Do Your Ambitions Exceed Your Budget?


It’s that time of year again.  You know the drill.  A few months ago, you were asked to submit a budget.  So, you looked at all of your expenditures, contracts, and people, determined if there were any rate increases, changes for inflation, or other considerations, and then added some money for a new initiative, product, or person.  While some schools do people separately, you likely went through this yearly, episodic experience hoping for the best.

I know of at least 3 University Presidents who read my blog.  So let me now address you all for a second.  You took in the budgets and went over them with your CFO, potentially your Provost or other executive council, and then determined that the amount was higher than appropriate.  Perhaps you don’t feel the Board will ratify your amount or perhaps projections just don’t line up with the spend.  Heck, if the reports are right, almost half of college Presidents already told each department to take X% off of last year’s budget already.  But it’s about what comes next that I want to talk about.

What Are Your Priorities?


A lot of leaders across higher education, at the point in the budget I have described above, will make a terrible mistake.  It may seem reasonable, or even fair.  It may seem like the solution that produces the least amount of drama.  It might seem like a good idea, but it’s not…

It is at this point many leaders will gather their executive teams and explain that everyone needs to now cut another X% from their submitted budgets.  Across the board, to be fair, everyone must now resubmit a budget that is less than the first one.  (Or maybe this process has happened multiple times in a row.)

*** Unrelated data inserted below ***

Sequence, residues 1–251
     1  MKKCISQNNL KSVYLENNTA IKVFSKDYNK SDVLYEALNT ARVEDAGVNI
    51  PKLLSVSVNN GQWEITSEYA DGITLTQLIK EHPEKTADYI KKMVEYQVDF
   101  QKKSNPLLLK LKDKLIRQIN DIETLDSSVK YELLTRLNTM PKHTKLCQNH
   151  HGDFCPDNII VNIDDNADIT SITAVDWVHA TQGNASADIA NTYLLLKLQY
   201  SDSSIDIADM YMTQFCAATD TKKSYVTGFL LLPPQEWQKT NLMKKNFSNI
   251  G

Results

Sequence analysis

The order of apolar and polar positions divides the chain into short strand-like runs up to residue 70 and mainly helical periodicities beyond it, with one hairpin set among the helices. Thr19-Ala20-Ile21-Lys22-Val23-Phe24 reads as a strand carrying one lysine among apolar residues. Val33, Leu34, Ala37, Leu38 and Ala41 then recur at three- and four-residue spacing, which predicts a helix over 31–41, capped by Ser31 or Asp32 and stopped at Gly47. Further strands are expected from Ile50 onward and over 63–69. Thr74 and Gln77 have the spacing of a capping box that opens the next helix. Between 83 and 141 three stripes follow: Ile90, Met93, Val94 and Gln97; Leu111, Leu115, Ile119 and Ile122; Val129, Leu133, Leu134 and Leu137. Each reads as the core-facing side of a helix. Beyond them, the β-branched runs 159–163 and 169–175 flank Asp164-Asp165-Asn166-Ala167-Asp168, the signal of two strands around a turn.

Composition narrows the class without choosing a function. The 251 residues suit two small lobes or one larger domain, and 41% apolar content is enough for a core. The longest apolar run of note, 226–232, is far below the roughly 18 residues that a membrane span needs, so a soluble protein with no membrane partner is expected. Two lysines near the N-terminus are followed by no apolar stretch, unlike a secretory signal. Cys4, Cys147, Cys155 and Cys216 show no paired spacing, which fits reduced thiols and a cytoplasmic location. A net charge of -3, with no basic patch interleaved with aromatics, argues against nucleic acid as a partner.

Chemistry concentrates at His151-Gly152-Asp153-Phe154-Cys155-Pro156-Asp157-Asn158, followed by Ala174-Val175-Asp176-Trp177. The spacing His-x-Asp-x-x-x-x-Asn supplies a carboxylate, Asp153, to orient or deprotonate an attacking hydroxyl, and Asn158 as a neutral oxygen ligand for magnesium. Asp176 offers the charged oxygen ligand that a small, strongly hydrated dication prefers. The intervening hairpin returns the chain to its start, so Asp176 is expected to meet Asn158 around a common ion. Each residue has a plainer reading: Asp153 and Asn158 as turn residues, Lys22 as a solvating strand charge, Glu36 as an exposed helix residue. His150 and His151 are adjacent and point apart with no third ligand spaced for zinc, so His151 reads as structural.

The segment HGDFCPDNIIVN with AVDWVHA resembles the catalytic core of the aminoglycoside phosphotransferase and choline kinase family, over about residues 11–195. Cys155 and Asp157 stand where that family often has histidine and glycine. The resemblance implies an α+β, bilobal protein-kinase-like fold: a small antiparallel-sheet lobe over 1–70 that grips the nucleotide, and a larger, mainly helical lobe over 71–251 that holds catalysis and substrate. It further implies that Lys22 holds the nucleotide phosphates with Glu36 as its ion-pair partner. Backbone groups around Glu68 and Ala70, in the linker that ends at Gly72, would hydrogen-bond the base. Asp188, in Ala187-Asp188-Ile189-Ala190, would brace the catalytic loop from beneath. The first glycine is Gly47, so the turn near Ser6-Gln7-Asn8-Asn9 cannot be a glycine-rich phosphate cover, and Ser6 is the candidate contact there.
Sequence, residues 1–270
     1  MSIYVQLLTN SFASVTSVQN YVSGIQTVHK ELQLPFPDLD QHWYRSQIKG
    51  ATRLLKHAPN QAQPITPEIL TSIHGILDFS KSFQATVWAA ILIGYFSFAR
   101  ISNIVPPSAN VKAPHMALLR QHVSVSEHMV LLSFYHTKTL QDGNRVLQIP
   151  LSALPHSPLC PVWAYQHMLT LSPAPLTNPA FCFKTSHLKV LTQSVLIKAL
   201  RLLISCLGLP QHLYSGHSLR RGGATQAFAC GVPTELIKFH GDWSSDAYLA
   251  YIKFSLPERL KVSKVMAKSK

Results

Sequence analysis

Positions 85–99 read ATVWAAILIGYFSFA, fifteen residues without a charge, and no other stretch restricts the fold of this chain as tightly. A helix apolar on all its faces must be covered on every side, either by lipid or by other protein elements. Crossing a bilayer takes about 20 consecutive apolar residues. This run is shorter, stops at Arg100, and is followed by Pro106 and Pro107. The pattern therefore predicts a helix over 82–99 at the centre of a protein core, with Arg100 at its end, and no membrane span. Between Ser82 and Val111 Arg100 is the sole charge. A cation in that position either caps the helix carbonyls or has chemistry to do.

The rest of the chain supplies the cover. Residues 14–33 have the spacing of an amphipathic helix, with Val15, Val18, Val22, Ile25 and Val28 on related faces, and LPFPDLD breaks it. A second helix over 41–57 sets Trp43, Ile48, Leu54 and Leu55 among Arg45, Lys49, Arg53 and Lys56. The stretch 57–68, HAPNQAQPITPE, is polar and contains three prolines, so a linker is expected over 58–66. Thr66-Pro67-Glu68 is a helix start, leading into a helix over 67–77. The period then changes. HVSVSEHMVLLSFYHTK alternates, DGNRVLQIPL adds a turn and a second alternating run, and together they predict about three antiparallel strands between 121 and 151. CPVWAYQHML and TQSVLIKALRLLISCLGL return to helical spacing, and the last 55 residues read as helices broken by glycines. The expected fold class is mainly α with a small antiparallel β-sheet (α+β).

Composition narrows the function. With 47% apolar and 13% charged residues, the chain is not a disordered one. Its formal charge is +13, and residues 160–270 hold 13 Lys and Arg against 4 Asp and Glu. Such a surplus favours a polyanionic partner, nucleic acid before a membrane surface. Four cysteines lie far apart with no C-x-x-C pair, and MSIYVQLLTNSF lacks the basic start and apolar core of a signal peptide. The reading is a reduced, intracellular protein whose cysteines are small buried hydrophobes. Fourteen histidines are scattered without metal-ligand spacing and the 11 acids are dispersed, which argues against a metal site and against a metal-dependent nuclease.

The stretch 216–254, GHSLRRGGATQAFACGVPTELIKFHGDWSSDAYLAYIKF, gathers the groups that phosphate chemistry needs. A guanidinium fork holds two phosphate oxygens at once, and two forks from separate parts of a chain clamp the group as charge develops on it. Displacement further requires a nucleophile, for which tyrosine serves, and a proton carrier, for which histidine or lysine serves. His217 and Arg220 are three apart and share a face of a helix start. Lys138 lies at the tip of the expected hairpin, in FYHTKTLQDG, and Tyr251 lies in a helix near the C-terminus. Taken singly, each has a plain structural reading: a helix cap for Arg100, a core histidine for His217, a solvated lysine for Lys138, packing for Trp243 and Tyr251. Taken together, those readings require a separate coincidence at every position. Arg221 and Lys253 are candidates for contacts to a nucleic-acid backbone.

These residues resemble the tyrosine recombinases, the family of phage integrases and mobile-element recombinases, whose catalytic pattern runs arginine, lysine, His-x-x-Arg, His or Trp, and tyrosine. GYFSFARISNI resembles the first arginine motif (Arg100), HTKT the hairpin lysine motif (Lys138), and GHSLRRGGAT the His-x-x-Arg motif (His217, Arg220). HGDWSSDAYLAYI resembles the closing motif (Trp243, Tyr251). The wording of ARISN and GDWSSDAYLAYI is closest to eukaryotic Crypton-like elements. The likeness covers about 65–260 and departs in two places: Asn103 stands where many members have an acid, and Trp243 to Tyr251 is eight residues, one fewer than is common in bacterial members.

Think about that for a minute.  While it seems like a “fair” thing to do, what you are saying is that every new initiative, new tool, or new hire is equal.  By that logic, each director or department head has created a budget that will impact big issues like retention, enrollment, or brand, and/or impact smaller issues like efficiency, communication, or integration exactly the same way. 

Let me share a very real example.  I wanted to leverage a resource that would start us down the path to realistic Competency Based Education (CBE), and would also start us down the road toward genuine adaptive learning.  By this, I don’t mean adaptive like SO many companies tout.  It seems that one of the greatest buzzwords of the past decade for education is adaptive.  No, I mean the tool was capable of handling the vision of adaptive that places remediated assets in front of a struggling student without them realizing it.  It could accelerate a student through the learning process if they already understand something, allowing them to focus on the things they did not yet understand.  And it would be capable of asking students for a learning goal and then show them how other students had achieved that goal behaviorally.  This tool would be learned and then used to create courses, starting with a few and after 2 years, likely being used by 1/3 of the eLearning courses at the school.  It was our bet that we would likely see a retention increase for those courses of 5-6%, thereby paying for itself in 24 months.